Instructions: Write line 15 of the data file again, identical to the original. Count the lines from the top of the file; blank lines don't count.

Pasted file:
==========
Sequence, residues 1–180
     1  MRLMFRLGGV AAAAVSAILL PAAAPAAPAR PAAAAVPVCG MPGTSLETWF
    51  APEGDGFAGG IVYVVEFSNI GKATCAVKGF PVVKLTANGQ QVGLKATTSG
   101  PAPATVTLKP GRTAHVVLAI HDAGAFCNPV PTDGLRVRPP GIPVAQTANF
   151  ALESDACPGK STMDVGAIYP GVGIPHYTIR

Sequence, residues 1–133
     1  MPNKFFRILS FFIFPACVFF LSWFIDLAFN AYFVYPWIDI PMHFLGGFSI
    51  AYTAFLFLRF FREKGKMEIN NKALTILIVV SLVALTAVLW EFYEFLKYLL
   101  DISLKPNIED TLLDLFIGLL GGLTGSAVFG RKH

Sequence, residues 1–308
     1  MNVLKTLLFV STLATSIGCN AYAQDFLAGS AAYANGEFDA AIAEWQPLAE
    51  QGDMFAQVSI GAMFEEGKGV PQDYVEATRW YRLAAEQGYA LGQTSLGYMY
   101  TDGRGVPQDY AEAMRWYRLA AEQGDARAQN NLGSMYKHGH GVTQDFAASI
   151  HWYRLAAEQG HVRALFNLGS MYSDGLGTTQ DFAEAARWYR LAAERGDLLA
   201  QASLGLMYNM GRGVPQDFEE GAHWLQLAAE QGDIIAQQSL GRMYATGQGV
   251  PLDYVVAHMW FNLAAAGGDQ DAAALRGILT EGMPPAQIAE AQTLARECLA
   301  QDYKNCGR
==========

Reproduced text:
   201  QASLGLMYNM GRGVPQDFEE GAHWLQLAAE QGDIIAQQSL GRMYATGQGV